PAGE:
The latest release of SD card specs includes ultrahigh speed (UHS-1). With data transfer speeds up to 104 MB per second this is competitive with most hard drives. Is the UHS SD card the SSD for the rest of us?
Flash cards and disks This is not a stretch. Flashcards have always always had a close association with disk drives.
In fact, the original CompactFlash card used a version of the ATA disk interface. You can even configure several of them into a fast RAID 0 stripe.
SDXC cards are spec'd for a disk-competitive 2 TB maximum capacity. They'll be able to keep up with economical SSD capacities for the next 5 years or more.
The file system But if you want to use UHS-1 cards in a device it has to be formatted with Microsoft's proprietary and patent-pending exFAT file system. Vendors have to buy a license from Microsoft to use it.
So why did Microsoft choose to develop a new file system instead of using NTFS? A paper from the SANS Institute suggests why:
NTFS is not designed for removable media, because it uses a lazy write scheme and is slower to write to a disk than FAT. In a lazy write system output operations are queued and might be delayed as I/O is overlapped. Disengaging the removable media before the writes have completed could leave the file system in an inconsistent state and could become corrupted.
Fortunately, flash cards can be formatted, like disks, with a variety of filesystems, including the MacOS HFS+. While exFAT will own the device-PC data interchange market, you aren't limited to it.
The Storage Bits take It may look like SSDs own the disk replacement opportunity. In fact, the market is wide open: only an estimated 10 million SSD's were sold last year as against over 500 million disk drives.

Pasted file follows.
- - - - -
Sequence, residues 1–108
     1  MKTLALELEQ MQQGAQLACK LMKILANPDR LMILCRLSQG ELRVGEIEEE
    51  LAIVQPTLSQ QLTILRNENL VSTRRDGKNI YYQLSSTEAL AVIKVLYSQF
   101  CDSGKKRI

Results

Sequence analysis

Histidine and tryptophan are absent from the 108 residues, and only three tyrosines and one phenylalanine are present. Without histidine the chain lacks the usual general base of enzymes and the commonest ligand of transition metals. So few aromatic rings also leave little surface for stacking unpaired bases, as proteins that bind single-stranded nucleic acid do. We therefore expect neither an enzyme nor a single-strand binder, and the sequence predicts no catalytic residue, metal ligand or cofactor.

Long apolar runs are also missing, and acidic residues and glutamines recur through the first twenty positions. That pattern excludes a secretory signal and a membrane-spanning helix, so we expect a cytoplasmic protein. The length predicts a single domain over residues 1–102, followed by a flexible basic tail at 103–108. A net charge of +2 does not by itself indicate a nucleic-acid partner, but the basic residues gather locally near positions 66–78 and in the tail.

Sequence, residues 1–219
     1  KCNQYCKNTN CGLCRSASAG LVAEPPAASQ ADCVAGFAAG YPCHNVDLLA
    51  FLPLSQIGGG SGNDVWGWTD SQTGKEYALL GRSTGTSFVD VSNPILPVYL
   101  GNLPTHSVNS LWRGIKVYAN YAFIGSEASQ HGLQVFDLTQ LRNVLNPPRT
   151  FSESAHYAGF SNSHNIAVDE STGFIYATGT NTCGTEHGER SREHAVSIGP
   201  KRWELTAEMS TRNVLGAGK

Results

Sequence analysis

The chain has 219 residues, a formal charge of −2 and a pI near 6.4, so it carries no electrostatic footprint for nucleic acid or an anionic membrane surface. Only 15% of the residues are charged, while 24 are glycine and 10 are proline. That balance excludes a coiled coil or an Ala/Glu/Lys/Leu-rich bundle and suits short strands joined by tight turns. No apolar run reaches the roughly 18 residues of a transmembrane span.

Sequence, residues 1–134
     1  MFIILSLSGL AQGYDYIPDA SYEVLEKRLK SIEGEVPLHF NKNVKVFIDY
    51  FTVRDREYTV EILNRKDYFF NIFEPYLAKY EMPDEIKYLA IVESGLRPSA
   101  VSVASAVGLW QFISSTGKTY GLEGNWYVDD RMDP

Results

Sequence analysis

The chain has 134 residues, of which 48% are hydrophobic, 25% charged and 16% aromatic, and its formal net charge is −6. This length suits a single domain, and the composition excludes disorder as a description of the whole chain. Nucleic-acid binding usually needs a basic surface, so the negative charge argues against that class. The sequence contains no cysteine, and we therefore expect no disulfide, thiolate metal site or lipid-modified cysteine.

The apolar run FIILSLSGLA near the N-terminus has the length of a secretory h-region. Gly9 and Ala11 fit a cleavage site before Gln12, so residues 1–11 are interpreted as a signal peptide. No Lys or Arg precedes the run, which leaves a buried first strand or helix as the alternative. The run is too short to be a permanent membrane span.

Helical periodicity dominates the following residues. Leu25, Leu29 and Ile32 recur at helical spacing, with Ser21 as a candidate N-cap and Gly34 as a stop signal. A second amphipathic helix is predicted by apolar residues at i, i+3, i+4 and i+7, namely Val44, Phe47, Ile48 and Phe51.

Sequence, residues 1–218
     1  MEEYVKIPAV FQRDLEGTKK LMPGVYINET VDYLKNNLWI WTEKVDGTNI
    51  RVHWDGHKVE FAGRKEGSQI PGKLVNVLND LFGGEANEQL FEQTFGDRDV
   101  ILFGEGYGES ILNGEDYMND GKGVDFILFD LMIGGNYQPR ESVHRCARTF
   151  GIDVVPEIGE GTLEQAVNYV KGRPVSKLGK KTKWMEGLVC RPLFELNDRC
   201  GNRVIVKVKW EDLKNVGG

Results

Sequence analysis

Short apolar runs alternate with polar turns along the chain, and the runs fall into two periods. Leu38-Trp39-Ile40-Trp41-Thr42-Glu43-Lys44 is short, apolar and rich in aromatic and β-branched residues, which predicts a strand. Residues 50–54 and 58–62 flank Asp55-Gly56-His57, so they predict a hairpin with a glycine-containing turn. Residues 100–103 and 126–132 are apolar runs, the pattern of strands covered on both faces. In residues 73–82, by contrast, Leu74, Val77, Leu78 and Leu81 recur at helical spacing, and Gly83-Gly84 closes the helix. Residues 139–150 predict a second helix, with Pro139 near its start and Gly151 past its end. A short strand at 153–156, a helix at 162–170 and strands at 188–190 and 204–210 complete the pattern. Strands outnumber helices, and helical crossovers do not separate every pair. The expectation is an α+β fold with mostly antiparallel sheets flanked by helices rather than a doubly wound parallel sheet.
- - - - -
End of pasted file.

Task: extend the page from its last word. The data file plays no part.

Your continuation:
No, your desktop PC won't be replacing disk drives with SDXC cards anytime soon, if only for reasons of cost. But small notebooks and tablets are naturals for the small form factor SD card.
SD cards have a significant advantage over most SSDs because they are removable. It makes it easy to transfer large volumes of data quickly. A dozen 64 GB SD cards in an overnight letter is a lot of bandwidth.
SD cards have another advantage for people concerned about their privacy. They're small enough to flush down the toilet if the cops are pounding on the door. How will vendors work that message into their marketing?
It is illustrative of technological progress that SSD's - touted for their threat to the disk drive market - could be facing a similar challenge from the high-speed SD card. SSD controllers will continue to have the performance advantage, but for casual users that won't matter much and the competition will be good us consumers.
Of course, UHS-1 means that there must be a UHS-2. That will be interesting.
Comments welcome, of course.